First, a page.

Boeing posts a big loss

new York

Boeing reported a $650 million operating loss in the fourth quarter, surprising Wall Street analysts who had expected the aircraft giant to turn a profit.

The company blamed the unexpected loss on “abnormal production costs” as it tried both to deliver the remaining backlog of 737 Max jets and to step up deliveries of the 787 Dreamliners. The company’s production of the 787 remains below normal rates.

What’s more, Boeing had to shell out an unspecified amount of compensation to 787 customers whose deliveries were delayed by about a year.

Boeing has reported only two profitable quarters in the nearly four years since the grounding of the 737 Max. After two fatal crashes that killed 346 people, the jet was grounded for 20 months starting in March 2019. Then a year later, the pandemic brought demand for flying and new aircraft to a near halt — sparking the cancellation of hundreds of jet orders and the pileup of losses for Boeing.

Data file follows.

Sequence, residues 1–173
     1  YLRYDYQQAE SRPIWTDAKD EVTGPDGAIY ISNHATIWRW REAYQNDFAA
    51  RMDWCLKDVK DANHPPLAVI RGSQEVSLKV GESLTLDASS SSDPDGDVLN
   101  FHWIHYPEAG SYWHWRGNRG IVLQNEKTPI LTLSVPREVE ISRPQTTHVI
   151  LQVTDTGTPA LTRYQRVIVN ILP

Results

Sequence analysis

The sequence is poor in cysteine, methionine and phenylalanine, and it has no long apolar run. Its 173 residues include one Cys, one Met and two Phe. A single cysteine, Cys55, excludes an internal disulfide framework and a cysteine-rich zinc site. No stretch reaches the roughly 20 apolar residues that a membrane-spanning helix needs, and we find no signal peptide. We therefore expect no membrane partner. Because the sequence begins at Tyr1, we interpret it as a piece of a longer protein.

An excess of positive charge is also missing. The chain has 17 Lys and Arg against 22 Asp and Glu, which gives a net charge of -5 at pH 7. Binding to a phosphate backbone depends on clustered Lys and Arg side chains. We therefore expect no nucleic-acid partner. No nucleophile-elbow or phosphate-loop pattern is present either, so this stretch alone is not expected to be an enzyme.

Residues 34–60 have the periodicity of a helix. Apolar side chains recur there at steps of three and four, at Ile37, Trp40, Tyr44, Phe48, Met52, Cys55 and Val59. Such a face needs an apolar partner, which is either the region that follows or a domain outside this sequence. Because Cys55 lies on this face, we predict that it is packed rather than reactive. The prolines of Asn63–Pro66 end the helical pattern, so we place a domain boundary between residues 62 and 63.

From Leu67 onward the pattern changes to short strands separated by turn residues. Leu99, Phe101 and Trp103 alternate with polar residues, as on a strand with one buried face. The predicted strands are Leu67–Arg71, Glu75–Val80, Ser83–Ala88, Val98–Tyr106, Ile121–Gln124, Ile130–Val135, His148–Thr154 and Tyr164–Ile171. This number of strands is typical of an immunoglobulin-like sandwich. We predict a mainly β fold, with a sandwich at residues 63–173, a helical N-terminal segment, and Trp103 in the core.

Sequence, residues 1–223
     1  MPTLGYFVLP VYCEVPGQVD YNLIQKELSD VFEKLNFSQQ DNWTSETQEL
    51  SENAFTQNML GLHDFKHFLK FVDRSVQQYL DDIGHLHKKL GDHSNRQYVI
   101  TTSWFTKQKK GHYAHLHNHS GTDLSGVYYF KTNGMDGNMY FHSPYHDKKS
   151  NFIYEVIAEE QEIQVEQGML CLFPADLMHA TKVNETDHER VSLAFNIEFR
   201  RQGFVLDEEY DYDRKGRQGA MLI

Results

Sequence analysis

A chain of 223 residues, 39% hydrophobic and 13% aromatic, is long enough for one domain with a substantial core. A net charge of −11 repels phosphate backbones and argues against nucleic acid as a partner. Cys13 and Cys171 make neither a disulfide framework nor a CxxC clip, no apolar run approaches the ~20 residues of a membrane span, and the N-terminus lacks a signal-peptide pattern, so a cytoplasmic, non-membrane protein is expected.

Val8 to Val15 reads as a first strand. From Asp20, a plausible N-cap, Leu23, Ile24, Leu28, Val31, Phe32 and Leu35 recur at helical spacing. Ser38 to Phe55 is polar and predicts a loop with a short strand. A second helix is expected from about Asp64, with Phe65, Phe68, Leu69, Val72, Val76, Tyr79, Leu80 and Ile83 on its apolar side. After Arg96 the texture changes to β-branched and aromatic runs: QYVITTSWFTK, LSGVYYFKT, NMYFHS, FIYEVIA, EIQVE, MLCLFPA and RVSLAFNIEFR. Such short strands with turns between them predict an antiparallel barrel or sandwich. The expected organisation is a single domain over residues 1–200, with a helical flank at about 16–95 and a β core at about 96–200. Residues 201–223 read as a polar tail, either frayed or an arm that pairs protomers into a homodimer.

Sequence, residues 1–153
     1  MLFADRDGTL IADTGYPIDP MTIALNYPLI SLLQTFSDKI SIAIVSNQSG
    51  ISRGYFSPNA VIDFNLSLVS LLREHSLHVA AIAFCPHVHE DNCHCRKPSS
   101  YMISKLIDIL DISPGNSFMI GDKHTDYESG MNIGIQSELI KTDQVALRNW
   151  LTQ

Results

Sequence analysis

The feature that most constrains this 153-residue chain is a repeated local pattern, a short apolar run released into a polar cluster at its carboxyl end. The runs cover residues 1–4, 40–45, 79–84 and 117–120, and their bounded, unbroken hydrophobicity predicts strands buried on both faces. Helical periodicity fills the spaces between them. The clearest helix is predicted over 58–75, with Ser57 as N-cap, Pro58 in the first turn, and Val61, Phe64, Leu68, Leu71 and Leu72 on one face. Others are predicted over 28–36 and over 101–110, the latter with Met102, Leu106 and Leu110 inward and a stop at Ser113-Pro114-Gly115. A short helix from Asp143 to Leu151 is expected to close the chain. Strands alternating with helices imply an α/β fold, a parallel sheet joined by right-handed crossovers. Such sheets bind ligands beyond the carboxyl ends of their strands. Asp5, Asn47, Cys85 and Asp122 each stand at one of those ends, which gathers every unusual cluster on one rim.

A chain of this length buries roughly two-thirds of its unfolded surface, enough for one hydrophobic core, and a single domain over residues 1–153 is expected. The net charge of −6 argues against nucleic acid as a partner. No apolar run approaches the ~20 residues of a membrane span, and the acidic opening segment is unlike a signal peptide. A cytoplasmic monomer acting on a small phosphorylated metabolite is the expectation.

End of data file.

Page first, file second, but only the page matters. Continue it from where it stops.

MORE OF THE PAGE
Still, the industry has shown signs of picking up, and analysts surveyed by Refinitiv had forecast that Boeing would earn 26 cents a share. Instead it reported a loss of $1.75 a share. So while that’s an improvement from the loss of $7.69 a share in the fourth quarter of 2021, it’s also a big disappointment.

The company’s revenue also fell short of forecasts, coming in at just under $20 billion. While it was Boeing’s highest revenue figure since the start of the pandemic, it was about $360 million less than analysts’ consensus estimate.

Boeing tried to put the best spin possible on its disappointing results.

The company pointed out that this was the first full year of positive operating cash flow since the start of the 737 Max crisis. Boeing finally brought in $3.5 billion more cash than it spent, and the company reaffirmed its guidance for 2023 of positive operating cash flow of between $4.5 billion to $6.5 billion.

“Demand across our portfolio is strong, and we remain focused on driving stability in our operations and within the supply chain to meet our commitments in 2023 and beyond,” said CEO Dave Calhoun in the company’s statement. “While challenges remain, we are well positioned and are on the right path to restoring our operational and financial strength.”

Shares of Boeing (BA) fell 2% in premarket trading on the report.


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